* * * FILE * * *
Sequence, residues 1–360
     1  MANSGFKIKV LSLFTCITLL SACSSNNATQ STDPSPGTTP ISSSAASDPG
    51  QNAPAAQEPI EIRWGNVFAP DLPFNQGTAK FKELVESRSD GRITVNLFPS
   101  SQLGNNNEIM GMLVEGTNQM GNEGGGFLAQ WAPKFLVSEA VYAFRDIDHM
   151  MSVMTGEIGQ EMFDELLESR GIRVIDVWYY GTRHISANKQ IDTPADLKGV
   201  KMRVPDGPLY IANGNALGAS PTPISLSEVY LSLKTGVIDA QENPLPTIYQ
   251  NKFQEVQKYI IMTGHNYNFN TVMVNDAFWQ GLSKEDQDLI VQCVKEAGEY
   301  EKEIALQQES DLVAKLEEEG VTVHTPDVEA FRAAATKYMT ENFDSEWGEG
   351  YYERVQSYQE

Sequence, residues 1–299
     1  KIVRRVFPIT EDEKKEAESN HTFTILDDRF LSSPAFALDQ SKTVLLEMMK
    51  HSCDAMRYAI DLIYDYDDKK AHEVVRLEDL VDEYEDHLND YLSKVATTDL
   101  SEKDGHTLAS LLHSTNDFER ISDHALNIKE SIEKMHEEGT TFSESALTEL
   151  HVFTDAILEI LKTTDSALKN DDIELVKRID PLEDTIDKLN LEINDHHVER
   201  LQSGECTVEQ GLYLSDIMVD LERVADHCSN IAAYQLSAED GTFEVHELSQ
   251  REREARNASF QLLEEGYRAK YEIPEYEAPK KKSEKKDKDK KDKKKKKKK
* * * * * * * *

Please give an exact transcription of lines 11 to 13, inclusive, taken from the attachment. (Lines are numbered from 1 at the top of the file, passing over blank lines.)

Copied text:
     1  KIVRRVFPIT EDEKKEAESN HTFTILDDRF LSSPAFALDQ SKTVLLEMMK
    51  HSCDAMRYAI DLIYDYDDKK AHEVVRLEDL VDEYEDHLND YLSKVATTDL
   101  SEKDGHTLAS LLHSTNDFER ISDHALNIKE SIEKMHEEGT TFSESALTEL